Paul defines this "unity" more closely with two appositional phrases. The first (andra teleion) is translated "unto a perfect man" in AV. NIV simply says, "become mature." Paul has reference to a full-grown, mature man, the opposite of what he in v.14 calls nepioi, infants. The second appositional phrase is "attaining the full measure of Christ." This goal, of course, is never perfectly attained in this life because of the Old Adam who still clings to the Christian. But we are to strive to reach this goal by continued teaching and admonition.


There is a very practical purpose in striving to reach the goal of maturity. It is this, that we outgrow the weaknesses of childhood. Children may be like a ship without a rudder, tossed back and forth on the waves or driven here and there by the wind. From this picture language Paul switches to plain talk. He is speaking of doctrine, of teaching. We may consider some doctrines as more or less important than others. Paul is concerned about "every wind of teaching." God has made provision (v. 7-13) that we may be able to stand firmly against "every wind of teaching." That's why He wants those saints who are still in the nepioi stage to be tenderly trained so they become andres teleioi.

Make no mistake about it, false teachers can be dangerously effective. Paul denounces them as toying with the most sacred things. He speaks of the "cunning (kybeia, i.e., dice game) of men." and of panourgia, cunning craftiness, a readiness to try anything, pros ten methodeian tes planes, toward the intrigue, the tricky expertness of error. This danger is present in every false doctrine. We do well to heed the warning. While v.14 stressed the negative, that we get rid of childish helplessness in the face of error's allurements, v.15 accentuates the positive. The verb of this verse is dependent on the same hina that introduces v.14. We should be mature so that "speaking the truth" we may once and for all (aorist) "grow up" in every respect in relation to Him who is the Head, namely, Christ.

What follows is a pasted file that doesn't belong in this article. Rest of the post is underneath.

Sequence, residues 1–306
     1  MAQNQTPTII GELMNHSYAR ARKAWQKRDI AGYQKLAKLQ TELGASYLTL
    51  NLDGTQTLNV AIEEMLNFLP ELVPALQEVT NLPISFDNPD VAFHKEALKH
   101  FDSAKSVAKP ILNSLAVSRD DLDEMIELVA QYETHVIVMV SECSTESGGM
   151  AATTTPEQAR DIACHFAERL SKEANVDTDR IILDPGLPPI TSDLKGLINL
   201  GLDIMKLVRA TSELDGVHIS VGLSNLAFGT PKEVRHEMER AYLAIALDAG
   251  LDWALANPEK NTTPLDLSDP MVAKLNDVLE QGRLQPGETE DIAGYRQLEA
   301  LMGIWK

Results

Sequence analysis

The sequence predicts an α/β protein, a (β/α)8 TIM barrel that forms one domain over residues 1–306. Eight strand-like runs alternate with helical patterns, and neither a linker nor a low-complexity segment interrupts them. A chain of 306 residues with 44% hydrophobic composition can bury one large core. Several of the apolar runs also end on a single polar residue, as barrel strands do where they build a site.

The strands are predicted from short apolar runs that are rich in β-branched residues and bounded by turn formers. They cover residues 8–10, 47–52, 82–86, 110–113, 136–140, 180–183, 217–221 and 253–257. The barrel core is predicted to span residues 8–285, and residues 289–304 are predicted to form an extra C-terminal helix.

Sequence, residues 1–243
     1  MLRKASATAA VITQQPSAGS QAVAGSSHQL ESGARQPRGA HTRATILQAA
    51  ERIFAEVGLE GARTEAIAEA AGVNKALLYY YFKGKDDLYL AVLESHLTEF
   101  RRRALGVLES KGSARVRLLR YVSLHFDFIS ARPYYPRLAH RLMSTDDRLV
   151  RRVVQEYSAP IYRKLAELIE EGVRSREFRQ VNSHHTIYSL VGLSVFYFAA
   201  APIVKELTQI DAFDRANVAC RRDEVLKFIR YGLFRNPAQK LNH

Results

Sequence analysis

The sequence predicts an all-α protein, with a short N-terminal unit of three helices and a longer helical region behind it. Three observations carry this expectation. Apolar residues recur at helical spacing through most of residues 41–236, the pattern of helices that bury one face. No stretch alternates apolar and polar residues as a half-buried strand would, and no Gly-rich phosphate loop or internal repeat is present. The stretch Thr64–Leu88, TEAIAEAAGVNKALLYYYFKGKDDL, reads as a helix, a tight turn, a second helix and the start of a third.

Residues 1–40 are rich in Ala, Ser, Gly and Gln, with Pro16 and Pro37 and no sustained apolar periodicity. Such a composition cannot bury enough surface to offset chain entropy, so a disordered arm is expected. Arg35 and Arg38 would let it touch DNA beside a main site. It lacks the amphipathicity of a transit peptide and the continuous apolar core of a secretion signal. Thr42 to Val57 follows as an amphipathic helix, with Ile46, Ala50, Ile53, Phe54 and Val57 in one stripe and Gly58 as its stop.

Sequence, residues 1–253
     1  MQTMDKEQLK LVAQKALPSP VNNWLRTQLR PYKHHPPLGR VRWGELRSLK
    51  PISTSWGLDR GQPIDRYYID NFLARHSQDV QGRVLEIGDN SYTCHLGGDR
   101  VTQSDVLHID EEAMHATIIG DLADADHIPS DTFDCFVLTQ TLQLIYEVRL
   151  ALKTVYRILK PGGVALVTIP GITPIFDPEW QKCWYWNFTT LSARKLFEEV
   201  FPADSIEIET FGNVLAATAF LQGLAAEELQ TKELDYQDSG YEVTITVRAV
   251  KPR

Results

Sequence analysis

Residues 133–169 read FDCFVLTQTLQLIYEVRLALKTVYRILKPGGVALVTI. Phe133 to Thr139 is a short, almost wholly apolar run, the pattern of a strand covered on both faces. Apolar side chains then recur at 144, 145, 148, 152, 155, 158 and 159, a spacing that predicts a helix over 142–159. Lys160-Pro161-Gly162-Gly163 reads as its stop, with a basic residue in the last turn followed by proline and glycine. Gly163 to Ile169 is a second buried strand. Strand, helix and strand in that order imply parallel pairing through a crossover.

Only the truth of the Gospel can effect this blessed outcome, for it is the power of God unto salvation. But we are to handle this truth of the Gospel "in love," lest our lovelessness hinder this effective tool of God's Holy Spirit. The very first fruit of the Spirit which Paul mentions in Galatians 5:22 is love, a love that is sincere, a two-sided love, hating what is evil and clinging to what is good (Rom. 12:9).

We are to grow eis auton. NIV, AV, and NASB all translate, "into him." But does a body grow into its head, and would it do so "in every respect," ta panta, as Paul puts it? Prof. Mayer suggests a different approach. Christ is the Head; the church is the body. Why not let eis refer to this relationship? By using the truth in love we shall grow so that in every respect the body corresponds to its Head.

Christ and HIS Church

Christ is the church's Head. But He means much more to the church than a head ordinarily means for its body. He is the source of all life that courses through this spiritual body. He causes it to grow. "From Him," he begins v. 16. But what from Him? The principal clause is: the whole body produces for itself the growth of the body, pan to soma, as Paul had pictured it in the previous verses. Poieitai is the middle voice: by and for itself the body works, again as outlined in the previous verses. What the body produces is ten auxesin tau somatos.

Paul describes the subject, to some, with two present participles, as in the process of "being joined and held together." This process has its source in the Head, but it is carried out "by every supporting ligament." The preposition dia governs the genitive tea epichoregias, which is modified by the preceding genitive pases haphes: by means of the supply of every joint. This is explained by a prepositional phrase introduced by kata: "according to the proportionate (en metro) working of every individual part," or (NIV) "as each part does its work." Each part of the body, according to the gift bestowed on it by the Head, makes its particular essential contribution, great or small, to the growth of the body.

The fruit of this growing process within the church is the "building of itself", growth from within. The church is a wonderful, living organism! And the life stream, coming from its Head and pulsating through its veins, is love, intelligent, purposeful love!

All of this is from Him who is the church's Head, Christ. It is He who founded the church by His descent and ascent. It is He who blesses the church with the Word of truth. It is He who bestows many special gifts on the church. Any error, no matter how insignificant it may appear, will adversely affect the health of the church. Any claim of personal merit will stunt its growth. Let us cultivate the unity of the church by nourishing our faith in our Savior!